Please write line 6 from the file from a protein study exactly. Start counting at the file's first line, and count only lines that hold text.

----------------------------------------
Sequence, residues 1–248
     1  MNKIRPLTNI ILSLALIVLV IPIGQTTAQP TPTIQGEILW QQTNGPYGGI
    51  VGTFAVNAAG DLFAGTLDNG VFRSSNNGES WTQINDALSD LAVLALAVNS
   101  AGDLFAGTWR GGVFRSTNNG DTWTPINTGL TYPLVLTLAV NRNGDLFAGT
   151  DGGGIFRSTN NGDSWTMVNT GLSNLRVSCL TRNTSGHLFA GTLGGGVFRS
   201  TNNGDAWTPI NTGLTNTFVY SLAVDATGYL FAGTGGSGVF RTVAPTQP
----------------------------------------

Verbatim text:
   201  TNNGDAWTPI NTGLTNTFVY SLAVDATGYL FAGTGGSGVF RTVAPTQP